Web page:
The most effective way to combat the impact of trials that roll like sea billows is to grow in the love of God before the wind begins to stir the sea around us. The key anchor for believers in Christ is God’s Word. Objective proof of God’s love is the starting point for experiencing or sensing God’s love. That proof was given by Christ and recorded in Scripture: “But God shows his love for us in that while we were still sinners, Christ died for us” (Romans 5:8).
We just passed another anniversary of the day the “November gales came early” when the Edmund Fitzgerald freighter sank in Lake Superior on November 10, 1975 with 29 souls aboard. I can’t image a more terrifying death than going down in a sinking ship.
Singer/Songwriter Gordon Lightfoot’s “The Wreck of the Edmund Fitzgerald” depicts the harrowing hours before the vessel sank. Describing the final hours, Lightfoot asks, “Does any one know where the love of God goes when the waves turn the minutes to hours?” The song implies there are places of terror and despair that block any sense of God’s love- if it exists at all.
It is possible even for Christians to feel disconnected from God’s love. Our own battle with sin and the presence of sin all around assails us relentlessly. Like the monstrous waves against a ship tossed in a tumultuous sea, the trials of life can beat us into submission. There are moments when we may feel abandoned by God and his love. Yes, even Christians can fall into terrible despair. The Apostle Paul once wrote to the Corinthians, “For we were so utterly burdened beyond our strength that we despaired of life itself” (2 Cor.1:8b).
The most effective way to combat the impact of trials that roll like sea billows is to grow in the love of God before the wind begins to stir the sea around us. The key anchor for believers in Christ is God’s Word. Objective proof of God’s love is the starting point for experiencing or sensing God’s love. That proof was given by Christ and recorded in Scripture: “But God shows his love for us in that while we were still sinners, Christ died for us” (Romans 5:8). The love of God for us is verifiable through Christ’s work on our behalf.
People who are Christian and know the historically demonstrated fact of God’s love for them can still feel unloved by God at times. As stated, the prime remedy for fighting these feelings is the truth of the Word. Prayer is another means to stay close to God and his love. Talking to God often and honestly helps (see the Psalms). Christ purchased direct access to our heavenly Father by his death and resurrection, so we should regularly enter the throne room of grace. We cannot love someone or know their love for us without talking to them. As we spend time with God in prayer, we sense his nearness and his love.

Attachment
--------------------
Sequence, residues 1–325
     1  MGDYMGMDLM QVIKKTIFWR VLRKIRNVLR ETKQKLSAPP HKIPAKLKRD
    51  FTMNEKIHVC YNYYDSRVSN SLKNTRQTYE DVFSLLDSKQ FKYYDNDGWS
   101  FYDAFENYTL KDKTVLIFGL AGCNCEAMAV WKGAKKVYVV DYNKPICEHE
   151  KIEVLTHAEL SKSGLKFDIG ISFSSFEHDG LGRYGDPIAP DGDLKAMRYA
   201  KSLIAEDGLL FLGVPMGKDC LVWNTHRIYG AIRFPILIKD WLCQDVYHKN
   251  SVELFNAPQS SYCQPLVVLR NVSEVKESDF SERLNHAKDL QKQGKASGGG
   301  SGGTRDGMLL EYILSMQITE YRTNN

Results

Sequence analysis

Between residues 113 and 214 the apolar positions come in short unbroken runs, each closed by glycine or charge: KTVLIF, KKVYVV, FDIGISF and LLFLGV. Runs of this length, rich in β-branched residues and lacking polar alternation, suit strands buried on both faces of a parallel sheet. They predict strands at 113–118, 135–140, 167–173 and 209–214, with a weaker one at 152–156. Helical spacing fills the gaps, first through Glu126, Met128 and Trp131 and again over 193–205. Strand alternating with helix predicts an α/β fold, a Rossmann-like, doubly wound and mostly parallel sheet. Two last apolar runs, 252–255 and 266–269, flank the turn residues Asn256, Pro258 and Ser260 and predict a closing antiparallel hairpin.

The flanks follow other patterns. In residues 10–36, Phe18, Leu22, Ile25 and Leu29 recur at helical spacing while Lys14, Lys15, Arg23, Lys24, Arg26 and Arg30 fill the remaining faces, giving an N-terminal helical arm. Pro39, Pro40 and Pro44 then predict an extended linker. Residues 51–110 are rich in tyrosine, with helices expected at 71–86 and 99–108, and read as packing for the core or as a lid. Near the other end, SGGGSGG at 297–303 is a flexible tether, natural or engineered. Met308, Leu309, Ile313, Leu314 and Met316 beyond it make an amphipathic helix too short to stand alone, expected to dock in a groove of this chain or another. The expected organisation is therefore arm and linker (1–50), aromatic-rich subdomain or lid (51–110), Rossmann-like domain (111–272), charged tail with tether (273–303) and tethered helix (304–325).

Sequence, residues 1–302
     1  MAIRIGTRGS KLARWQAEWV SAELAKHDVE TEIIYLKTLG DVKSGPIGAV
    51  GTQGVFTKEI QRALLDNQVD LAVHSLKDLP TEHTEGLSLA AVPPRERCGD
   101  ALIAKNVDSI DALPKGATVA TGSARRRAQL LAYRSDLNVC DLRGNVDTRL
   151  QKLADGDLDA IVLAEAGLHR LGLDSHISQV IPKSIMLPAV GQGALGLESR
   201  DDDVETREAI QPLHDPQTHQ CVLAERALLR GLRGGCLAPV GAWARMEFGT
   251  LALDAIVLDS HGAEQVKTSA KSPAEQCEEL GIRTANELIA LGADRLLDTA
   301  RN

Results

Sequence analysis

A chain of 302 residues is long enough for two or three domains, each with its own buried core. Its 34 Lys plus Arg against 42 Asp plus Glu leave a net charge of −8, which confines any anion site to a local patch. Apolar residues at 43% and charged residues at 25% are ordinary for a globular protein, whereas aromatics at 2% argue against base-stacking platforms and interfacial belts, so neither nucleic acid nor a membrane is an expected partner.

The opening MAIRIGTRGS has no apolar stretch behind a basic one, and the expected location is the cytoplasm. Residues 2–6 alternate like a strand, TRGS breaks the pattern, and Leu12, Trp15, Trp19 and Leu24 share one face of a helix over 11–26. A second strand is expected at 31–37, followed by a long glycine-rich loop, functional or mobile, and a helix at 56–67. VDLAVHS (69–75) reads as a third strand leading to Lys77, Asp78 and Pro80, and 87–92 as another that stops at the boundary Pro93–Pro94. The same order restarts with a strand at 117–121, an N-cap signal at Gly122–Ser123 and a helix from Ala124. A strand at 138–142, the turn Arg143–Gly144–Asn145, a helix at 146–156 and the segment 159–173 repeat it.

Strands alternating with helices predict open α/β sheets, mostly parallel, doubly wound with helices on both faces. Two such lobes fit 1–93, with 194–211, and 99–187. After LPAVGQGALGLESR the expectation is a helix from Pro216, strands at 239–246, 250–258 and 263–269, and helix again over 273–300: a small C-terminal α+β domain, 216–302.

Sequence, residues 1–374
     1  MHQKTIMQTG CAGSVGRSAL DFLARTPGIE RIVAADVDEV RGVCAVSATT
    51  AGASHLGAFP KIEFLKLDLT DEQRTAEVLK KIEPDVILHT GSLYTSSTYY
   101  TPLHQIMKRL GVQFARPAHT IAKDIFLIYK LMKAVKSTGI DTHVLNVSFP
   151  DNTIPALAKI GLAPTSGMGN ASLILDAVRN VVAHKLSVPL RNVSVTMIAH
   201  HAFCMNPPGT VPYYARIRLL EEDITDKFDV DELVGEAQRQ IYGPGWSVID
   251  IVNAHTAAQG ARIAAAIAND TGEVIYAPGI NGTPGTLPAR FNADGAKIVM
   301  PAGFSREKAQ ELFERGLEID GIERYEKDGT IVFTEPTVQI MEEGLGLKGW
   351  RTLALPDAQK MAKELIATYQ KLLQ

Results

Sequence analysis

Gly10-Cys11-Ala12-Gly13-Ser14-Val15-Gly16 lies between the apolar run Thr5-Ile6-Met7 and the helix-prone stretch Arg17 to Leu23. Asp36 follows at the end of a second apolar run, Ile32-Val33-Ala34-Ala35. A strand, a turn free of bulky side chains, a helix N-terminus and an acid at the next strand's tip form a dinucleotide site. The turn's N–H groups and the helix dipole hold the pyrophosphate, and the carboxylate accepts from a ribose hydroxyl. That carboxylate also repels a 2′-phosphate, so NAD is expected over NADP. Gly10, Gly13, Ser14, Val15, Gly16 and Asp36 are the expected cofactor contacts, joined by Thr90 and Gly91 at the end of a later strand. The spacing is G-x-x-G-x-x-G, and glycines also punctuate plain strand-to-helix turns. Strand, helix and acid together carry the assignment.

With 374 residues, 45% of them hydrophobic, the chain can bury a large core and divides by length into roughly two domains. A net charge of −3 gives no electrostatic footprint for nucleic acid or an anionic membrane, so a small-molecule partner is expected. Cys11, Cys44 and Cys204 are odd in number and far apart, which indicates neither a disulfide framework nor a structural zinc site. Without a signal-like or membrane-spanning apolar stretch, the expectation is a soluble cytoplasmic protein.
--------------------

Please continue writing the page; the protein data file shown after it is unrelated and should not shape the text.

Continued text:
In addition to the Word and prayer, perhaps the most undervalued way to stay close to God and his love is through fellowship with other Christians. It is too easy to isolate ourselves from physical nearness with others in these electronic days. Facebooking with each other or texting friends is not the same as true fellowship. We need to be in proximity with other believers regularly. Sometimes we are embarrassed by our situation or maybe we are afraid to burden others. The very thing we need when we are struggling is the supportive presence, encouragement and counsel of others. Do not run away from people! The love we receive from our brothers and sisters in Christ is one of the main ways God shows his love toward us.
There is no “easy” fix for the despairs of this difficult life. I am suggesting, however, that God’s love is real. Jesus demonstrated God’s love beyond any question. It’s more than a sentiment. Even when you do not feel God’s love, it is still solid and true.
I am exhorting believers to avail themselves of the various means God has provided to become built up in God’s love as preparation for the storms of life that will come. By engaging in God’s Word, prayer, and fellowship with his people as much as possible, we stand a better chance of enduring trying times. None of us are exempt from feeling what is behind Lightfoot’s haunting line cited above, however believers have sure promises to call upon in such times.
Our response to the question- “Does anyone know where the love of God goes?” can be the rhetorical, “Who shall separate us from the love of Christ?”
God’s Word directs us: Romans 8:31–39
 What then shall we say to these things? If God is for us, who can be against us?  He who did not spare his own Son but gave him up for us all, how will he not also with him graciously give us all things?  Who shall bring any charge against God’s elect? It is God who justifies.  Who is to condemn? Christ Jesus is the one who died—more than that, who was raised—who is at the right hand of God, who indeed is interceding for us.  Who shall separate us from the love of Christ? Shall tribulation, or distress, or persecution, or famine, or nakedness, or danger, or sword?  As it is written, “For your sake we are being killed all the day long; we are regarded as sheep to be slaughtered.”  No, in all these things we are more than conquerors through him who loved us.  For I am sure that neither death nor life, nor angels nor rulers, nor things present nor things to come, nor powers,  nor height nor depth, nor anything else in all creation, will be able to separate us from the love of God in Christ Jesus our Lord.
Dr. Tony Felich is a Minister in the Presbyterian Church in America and serves as the Pastor of Redeemer PCA in Overland Park, Kansas.